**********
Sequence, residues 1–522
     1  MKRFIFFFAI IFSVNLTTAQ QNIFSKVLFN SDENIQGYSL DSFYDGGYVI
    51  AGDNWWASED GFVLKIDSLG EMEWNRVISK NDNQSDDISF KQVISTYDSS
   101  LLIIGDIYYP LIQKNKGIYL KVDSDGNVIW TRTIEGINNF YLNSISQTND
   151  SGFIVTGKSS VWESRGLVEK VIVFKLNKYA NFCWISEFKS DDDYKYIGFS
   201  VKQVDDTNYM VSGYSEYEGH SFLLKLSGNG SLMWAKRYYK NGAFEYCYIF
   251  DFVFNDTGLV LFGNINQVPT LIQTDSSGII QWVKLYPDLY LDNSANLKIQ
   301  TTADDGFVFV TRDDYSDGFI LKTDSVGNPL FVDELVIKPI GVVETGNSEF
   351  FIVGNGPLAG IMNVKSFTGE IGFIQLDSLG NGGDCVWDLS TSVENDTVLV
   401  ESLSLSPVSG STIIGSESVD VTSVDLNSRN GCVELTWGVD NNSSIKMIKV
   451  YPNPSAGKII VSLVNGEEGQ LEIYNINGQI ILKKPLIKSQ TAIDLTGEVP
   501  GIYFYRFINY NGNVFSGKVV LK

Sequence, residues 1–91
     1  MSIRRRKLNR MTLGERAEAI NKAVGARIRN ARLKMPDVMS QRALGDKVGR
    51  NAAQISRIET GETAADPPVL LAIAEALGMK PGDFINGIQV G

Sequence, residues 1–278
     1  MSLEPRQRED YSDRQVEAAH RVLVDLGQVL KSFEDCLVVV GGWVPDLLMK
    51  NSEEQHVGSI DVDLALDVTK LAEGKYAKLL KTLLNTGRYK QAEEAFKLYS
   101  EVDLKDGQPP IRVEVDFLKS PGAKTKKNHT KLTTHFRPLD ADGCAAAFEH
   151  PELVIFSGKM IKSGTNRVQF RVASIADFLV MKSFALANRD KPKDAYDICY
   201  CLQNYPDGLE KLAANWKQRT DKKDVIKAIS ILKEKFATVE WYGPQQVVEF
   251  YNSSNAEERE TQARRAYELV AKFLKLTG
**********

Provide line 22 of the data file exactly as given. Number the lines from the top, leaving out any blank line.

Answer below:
   251  YNSSNAEERE TQARRAYELV AKFLKLTG